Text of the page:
Tips on How to Raise Turkeys

Reader Contribution by Rebecca Harrold

Turkeys aren’t the same as chickens. Get some tips on how to raise turkeys from someone who learned from first-hand experience.

Editor’s Note: This article is a corrected version of an article previously posted, which incorrectly used the label “heritage”.

Be it out of curiosity or naivety, we decided to do a trial run of raising a backyard flock of turkeys for a summer. We already had a large flock of backyard chickens that laid plenty of egg to supply our needs with extras left over to sell to friends and neighbors.

So we were not complete novices when it came to poultry. But turkeys are not chickens. Beyond the basics of food, water, and shelter, these two species of birds have different behaviors and requirements.

As a result of our backyard turkey trial, we’ve learned some lessons and wish to pass along some key tips to anyone else who is considering raising their own Thanksgiving dinner. But before I proceed to the tips, I’ll quickly lay out the logistics of our turkey setup.

First, we ordered six-day-old turkey poults from a hatchery. Not the standard, big-breasted, flightless kind, but seven Artisan Gold turkeys, a breed with a tendency to roam and roost. Second, for the first four weeks we kept the turkey poults in a brooder before moving them outdoors to a mobile shelter.

Our final step was to open the door on the mobile shelter, allowing the turkeys to pasture on a fresh grasses and forbs within an electrified poultry fence. We then moved the mobile shelter and fence up and down the rows of our orchard. As a side note, their favorite edible was comfrey.

You Can Place Chicks and Poults Together in a Brooder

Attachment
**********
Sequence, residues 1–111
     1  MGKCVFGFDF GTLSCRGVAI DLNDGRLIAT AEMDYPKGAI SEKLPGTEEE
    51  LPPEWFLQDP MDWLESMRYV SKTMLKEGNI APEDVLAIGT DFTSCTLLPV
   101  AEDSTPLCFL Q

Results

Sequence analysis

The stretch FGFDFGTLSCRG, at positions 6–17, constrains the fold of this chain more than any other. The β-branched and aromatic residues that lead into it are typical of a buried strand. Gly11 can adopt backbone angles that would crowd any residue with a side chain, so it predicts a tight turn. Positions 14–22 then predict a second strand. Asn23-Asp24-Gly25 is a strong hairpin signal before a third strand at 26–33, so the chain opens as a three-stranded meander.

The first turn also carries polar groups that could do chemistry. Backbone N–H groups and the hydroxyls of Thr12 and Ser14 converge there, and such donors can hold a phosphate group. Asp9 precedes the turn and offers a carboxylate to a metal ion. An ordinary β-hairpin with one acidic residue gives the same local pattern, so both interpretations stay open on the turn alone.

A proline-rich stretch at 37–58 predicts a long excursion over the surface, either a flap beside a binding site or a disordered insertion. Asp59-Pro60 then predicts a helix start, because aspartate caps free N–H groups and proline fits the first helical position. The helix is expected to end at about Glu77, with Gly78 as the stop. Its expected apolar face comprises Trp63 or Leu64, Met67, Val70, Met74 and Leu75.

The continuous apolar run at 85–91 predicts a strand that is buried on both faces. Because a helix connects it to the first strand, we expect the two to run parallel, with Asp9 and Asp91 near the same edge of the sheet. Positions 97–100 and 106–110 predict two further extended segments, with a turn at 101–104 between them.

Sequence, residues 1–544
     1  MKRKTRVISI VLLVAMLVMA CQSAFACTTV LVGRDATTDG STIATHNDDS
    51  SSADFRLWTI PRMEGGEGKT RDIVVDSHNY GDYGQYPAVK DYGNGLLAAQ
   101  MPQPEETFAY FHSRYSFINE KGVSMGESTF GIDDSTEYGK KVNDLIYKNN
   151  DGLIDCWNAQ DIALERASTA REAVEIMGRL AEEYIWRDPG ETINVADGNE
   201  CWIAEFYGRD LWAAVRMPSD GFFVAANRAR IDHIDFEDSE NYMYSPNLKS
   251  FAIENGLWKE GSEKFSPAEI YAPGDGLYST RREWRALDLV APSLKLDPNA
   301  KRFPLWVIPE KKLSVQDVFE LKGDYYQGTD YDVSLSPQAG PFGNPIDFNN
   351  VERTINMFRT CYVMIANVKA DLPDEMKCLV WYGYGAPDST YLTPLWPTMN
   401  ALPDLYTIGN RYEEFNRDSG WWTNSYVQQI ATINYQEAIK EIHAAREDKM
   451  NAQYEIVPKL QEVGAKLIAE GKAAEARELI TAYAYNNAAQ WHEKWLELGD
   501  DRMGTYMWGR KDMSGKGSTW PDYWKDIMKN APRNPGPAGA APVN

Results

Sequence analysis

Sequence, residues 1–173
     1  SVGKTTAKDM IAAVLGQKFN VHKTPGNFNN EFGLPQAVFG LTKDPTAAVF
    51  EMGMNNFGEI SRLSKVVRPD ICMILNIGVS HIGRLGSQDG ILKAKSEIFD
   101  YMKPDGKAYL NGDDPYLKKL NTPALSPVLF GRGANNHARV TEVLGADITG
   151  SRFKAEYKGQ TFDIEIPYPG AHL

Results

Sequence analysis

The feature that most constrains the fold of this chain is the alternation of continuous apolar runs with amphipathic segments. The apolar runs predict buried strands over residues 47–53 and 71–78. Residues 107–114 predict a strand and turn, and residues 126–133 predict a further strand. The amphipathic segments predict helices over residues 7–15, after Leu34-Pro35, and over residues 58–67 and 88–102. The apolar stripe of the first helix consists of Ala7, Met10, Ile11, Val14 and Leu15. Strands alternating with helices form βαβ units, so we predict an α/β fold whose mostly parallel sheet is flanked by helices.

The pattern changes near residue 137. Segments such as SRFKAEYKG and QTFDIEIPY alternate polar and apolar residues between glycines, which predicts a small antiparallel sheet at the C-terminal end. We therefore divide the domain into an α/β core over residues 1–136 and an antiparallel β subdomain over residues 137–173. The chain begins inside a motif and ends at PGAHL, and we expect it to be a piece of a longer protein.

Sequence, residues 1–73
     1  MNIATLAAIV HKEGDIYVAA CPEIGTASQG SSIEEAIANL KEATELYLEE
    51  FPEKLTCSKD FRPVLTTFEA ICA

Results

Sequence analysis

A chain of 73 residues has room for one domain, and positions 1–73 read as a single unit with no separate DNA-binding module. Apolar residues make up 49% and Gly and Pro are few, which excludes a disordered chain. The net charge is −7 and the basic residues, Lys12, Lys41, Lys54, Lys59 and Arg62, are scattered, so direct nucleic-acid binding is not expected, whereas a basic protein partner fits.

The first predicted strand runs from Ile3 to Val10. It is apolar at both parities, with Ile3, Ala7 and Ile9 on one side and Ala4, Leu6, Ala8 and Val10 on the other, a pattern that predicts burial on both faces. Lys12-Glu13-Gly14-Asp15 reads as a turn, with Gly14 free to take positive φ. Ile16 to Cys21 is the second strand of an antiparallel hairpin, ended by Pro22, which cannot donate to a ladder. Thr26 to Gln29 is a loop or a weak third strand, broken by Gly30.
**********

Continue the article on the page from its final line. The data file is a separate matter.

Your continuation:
Turkeys are less resilient than chickens when very young, but they can benefit from the presence of a few chicks who can keep them company and show them the ropes. Both arrived as day-olds in the same box delivered from the hatchery. We kept the chicks and turkey poults together out of necessity; we only had the one brooder. This worked for us because we had a small number of each, 11 chicks and seven poults; and since the chicks were broiler birds, their growth was on par with the turkeys, at least while they shared the brooder.

From the start they were familiar with each other and huddled for warmth. Between the chicks and the brooder lamp, the poults could keep warm when the needed to. The more intrepid chicks showed the turkeys to the food and water. The birds also shared the same organic turkey grower feed, which meant extra protein for the chicks compared to their standard ration. The birds also shared water, which we fortified with apple cider vinegar and garlic.

When they outgrew the brooder the chickens and turkeys went their separate ways. But our success rate was 100% — all the turkey poults and chicks survived their most vulnerable phase.

Turkeys Need a BIG Shelter